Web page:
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Saturday morning’s a great time for brunch. Up later than normal, too early to bother with a wait for lunch, but looking for something more substantial to see you through the shopping or the rest of the day until dinner. Sometimes there are left over chips from the fish and chip supper the night before. Never throw them away, they cook up well and with some added chorizo, onion, garlic and a poached egg they make the morning go with a bit of sunshine. Serves two.

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Bacon Wrapped Mackerel with Side Salad

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Bacon Wrapped Mackerel

So Spring has sprung. Yet the problem is that the weather can be so variable. Yes, I want to move (ok with some resistance) away from the heavier and warming foods of winter, but I am not yet willing to embrace the light dishes of summer; and anyway not everything is in fully in season. So, something must replace the intensity of flavours I am giving up if I am to embrace the change. Here it is. Mackerel. I love this oily fish, the rich, deep flavour, and it needs something equal to its weight and that is a wrapping of thin rashers of smoked bacon with a balanced side-salad as a (not so) welcome nod to the new year. Actually, you could look at this as a deconstructed BLT – but there is a reason why those flavours work so well and why that sandwich is such a hit. Anyway, this is something akin to that, but without the need of bread. It will serve two as good main course, or four as a starter.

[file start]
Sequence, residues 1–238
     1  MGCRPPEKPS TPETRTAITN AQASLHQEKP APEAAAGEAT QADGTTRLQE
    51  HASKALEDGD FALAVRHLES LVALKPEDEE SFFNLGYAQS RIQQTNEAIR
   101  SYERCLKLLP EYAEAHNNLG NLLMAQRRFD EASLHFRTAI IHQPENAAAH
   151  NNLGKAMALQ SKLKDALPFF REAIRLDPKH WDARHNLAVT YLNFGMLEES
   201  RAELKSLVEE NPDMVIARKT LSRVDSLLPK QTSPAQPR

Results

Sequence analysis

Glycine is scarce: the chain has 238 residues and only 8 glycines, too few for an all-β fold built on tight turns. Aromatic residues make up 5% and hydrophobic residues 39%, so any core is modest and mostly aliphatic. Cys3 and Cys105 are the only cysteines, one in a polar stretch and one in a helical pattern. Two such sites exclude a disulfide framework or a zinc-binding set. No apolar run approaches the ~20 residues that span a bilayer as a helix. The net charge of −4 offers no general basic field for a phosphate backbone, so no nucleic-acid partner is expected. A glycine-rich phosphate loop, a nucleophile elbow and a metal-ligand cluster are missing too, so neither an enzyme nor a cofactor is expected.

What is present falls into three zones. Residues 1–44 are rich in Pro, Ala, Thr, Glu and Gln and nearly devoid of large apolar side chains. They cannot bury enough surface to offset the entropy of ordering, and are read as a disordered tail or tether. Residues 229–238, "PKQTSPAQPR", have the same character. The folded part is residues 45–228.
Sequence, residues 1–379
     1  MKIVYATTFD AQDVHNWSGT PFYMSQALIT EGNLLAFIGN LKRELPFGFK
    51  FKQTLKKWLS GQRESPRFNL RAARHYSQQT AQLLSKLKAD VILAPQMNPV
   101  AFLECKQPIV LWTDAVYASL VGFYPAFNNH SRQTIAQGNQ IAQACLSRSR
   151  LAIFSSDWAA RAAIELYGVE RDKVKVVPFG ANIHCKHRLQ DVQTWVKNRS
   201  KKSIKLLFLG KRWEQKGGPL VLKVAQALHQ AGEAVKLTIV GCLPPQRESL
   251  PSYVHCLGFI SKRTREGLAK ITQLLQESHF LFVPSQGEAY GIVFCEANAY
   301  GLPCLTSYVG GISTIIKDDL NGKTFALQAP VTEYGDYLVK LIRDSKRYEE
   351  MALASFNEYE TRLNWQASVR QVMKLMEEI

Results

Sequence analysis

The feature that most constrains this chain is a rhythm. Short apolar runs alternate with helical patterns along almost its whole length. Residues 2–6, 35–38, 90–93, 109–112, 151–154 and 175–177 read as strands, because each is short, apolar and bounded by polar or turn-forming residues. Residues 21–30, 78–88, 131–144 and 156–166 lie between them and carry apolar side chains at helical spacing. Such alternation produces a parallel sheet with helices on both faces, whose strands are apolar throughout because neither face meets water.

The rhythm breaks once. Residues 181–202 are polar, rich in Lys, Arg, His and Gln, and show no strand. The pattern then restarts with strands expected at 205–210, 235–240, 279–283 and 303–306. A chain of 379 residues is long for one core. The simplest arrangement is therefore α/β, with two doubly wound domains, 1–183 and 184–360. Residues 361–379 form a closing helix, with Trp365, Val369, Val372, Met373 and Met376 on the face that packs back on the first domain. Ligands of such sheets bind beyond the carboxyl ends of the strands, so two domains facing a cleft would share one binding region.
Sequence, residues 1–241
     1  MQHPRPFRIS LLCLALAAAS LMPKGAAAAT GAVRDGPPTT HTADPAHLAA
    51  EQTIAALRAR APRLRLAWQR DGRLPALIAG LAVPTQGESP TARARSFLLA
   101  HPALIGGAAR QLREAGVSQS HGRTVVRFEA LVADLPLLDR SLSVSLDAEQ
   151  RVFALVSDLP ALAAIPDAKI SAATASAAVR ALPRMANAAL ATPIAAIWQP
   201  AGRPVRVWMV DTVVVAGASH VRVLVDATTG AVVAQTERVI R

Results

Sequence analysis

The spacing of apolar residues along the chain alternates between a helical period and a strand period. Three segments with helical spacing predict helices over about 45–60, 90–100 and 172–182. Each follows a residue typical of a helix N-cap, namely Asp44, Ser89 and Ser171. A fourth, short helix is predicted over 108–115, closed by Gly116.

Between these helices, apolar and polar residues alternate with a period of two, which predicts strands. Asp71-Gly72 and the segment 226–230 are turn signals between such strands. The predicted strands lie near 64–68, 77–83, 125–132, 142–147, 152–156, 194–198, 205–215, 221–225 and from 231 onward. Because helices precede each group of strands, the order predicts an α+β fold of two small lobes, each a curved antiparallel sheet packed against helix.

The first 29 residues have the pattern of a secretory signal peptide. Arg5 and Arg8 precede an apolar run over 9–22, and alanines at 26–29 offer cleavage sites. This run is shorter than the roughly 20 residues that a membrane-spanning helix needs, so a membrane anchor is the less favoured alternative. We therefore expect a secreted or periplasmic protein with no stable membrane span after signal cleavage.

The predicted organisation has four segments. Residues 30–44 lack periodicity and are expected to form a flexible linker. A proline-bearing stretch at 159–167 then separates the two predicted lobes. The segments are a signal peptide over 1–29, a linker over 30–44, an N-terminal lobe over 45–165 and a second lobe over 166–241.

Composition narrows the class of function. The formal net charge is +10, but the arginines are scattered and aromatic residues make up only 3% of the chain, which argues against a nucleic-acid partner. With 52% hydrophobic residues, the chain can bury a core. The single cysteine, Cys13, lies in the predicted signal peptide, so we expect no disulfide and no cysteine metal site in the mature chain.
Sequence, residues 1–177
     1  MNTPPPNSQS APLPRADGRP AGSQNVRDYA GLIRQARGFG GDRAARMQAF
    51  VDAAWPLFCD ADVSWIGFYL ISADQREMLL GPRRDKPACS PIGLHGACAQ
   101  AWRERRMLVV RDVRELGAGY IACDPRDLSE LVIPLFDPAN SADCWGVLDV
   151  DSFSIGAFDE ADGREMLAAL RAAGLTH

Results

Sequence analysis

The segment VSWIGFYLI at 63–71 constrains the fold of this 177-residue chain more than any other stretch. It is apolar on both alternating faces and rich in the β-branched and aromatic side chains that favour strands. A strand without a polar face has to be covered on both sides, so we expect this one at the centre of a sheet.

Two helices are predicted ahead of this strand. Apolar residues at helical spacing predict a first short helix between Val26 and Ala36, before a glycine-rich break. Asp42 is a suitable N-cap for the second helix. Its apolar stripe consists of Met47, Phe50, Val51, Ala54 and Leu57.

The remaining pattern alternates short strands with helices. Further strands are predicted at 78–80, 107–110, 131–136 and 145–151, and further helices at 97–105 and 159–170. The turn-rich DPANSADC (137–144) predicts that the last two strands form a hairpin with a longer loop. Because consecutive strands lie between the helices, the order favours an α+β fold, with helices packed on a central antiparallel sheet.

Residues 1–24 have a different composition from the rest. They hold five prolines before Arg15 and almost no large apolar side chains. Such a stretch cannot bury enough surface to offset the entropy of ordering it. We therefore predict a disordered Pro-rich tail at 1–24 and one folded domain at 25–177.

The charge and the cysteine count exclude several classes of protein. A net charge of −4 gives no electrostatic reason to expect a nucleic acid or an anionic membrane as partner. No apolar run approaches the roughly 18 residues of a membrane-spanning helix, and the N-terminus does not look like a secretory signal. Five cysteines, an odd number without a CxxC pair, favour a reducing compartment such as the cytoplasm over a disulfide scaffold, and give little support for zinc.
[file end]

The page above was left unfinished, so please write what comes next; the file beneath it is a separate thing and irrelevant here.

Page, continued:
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Ham and Cheese Croquettes

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Makes about 15

I don’t know what it was that made me want to make these, but it has been a long term plan.  I had some delicious croquettes at Fino the then sister restaurant to Barrafina in London: crisp outside, with that delicious melting interior made for a memorable occasion.  These can be a larger starter dish,  or made well in advance and smaller rounds dropped into hot oil to go with drinks in the evening. The key is to put them them in the fridge to firm up and hold together when being fried. I like to make a simple mix of mustard and mayonnaise as a side dip.